In the Wake of the News
12:59 AM CDT, June 7, 2013
LOS ANGELES — Outside the Blackhawks dressing room at the Staples Center late Thursday night, Chairman Rocky Wirtz hardly could contain his enthusiasm as he walked down the hallway.
There was a noticeable skip in Wirtz's step as the Hawks took another giant one in the playoffs with a 3-2 victory over the Kings. His smiling face was filled with pride, joy and relief that reflected the feeling of Blackhawks fans everywhere.
California dreamin' indeed.
A 3-1 series lead doesn't mean the Hawks will advance to the Stanley Cup final. But forgive people in Chicago if they use their work computers Friday to check mid-June airfares to Boston.
For the Hawks, a successful trip did not mean good room service at their swanky Beverly Hills hotel and sunny weather. It didn't mean beating LA traffic, unless that involved clearing the crease so goalie Corey Crawford had a better view.
It meant winning one of two games against the Kings in a building where the Kings had not lost since March 23. It meant giving themselves a chance to clinch the Western Conference finals Saturday at the United Center.
It meant finding a way, any way, to win Game 4 despite not having momentum or defenseman Duncan Keith. That's precisely what the Blackhawks did to gain the split they sought before they headed West.
"Our whole team was where we wanted it to be,'' coach Joel Quenneville said. "That's a pretty tough team we shut down.''
In the decisive 20 minutes, the Hawks simply were tougher.
Countrymen Michal Handzus and Marian Hossa, teammates on the Slovakian national team, used that chemistry to combine on the winning goal. Just 70 seconds into the third period, Hossa converted a pretty pass from a patient Handzus to fire a laser past mortal-looking Kings goalie Jonathan Quick.
"He took the defender with him and opened it up for me,'' Hossa said. "He hit me right in my wheelhouse.''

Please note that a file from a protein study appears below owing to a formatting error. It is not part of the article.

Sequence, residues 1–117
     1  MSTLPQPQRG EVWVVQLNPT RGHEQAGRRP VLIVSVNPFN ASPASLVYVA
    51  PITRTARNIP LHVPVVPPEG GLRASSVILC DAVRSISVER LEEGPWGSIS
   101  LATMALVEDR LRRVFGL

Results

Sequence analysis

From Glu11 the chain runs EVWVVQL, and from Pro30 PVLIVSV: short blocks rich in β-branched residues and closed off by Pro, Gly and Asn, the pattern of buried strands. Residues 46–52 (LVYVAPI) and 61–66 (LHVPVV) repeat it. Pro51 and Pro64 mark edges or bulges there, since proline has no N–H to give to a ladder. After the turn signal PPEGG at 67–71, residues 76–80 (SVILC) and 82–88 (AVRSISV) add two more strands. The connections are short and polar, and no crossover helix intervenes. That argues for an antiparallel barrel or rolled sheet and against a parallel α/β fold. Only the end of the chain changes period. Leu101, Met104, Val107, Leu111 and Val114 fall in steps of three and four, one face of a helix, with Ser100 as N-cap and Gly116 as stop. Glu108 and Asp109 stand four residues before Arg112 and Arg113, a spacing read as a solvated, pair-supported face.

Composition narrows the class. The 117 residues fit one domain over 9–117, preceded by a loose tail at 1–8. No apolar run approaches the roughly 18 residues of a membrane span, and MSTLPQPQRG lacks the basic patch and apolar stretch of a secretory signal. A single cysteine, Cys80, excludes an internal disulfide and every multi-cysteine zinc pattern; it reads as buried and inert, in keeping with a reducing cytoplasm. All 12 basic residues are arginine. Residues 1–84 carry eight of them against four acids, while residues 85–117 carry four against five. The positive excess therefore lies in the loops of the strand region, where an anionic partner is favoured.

The Kings' best chance to tie came on a power play with 4 minutes, 37 seconds left. But the Hawks killed the penalty without Michael Frolik, in the box, and Keith, on suspension for high-sticking Jeff Carter.
Which put Sheldon Brookbank in the spotlight.
Who? All anybody knew about Brookbank before Thursday was that he had a hockey nickname because Quenneville called him "Brooksy.'' Welcome to the Western Conference finals, Brooksy. Now replace the Hawks' best defenseman. That's all.
Skating like a plodder adjusting to the speed of the playoffs, Brookbank made it too easy to pick out the defenseman who hadn't played since April 27. He was on the ice for both Kings' goals.
At least Brookbank was warned.
"I had to tell Brooksy a couple times, 'Be patient, the (opportunity) could be the most critical time come the playoffs,' '' Quenneville said. "He deserves to be playing.''
As much as Brookbank deserved his chance to log his 6:50, Keith earned his suspension. Retaliatory or not, no player can raise a stick to hit an opponent in the face badly enough to cause 21 stitches without expecting a suspension. Any pregame outcry in Chicago over the NHL decision made no sense. If you want to blame anybody for the Hawks playing Game 4 without one of their core players, blame Keith.
You could argue Slava Voynov never would have scored the Kings' first goal if Keith had been on the ice instead of Brookbank, but that would miss the point. You could blame the Kings' go-ahead goal from Dustin Penner on Brookbank's inability to get position on Penner near the crease, but that would absolve Crawford from failing to cover the puck.
The Hawks should be good enough to overcome the absence of one player and, in the end, they did. Keith's absence brought out the best in Michal Rozsival, who played 25:28, and Johnny Oduya, who earned the commemorative championship belt. Teammates did what teammates are supposed to do under dire circumstances: Step up.
Losing Keith mattered to the Hawks less than finding Patrick Kane, who resurfaced when he tapped in a goal just before it flew past the goal line. Kane dazzled again in the third when he controlled the puck long enough to force Quick to make a glove save seated. Scoring re-energized Kane.
"Kaner wanted the puck,'' Quenneville said.
Kane's goal might have gone in anyway thanks to Bryan Bickell, who deflected a shot from what has become his customary spot in front of the net. It continued a strong night in a stellar series for the breakout player.
"I told Bicksy I was sorry I probably stole that goal from him,'' Kane said.
A victory this big requires no apologies.
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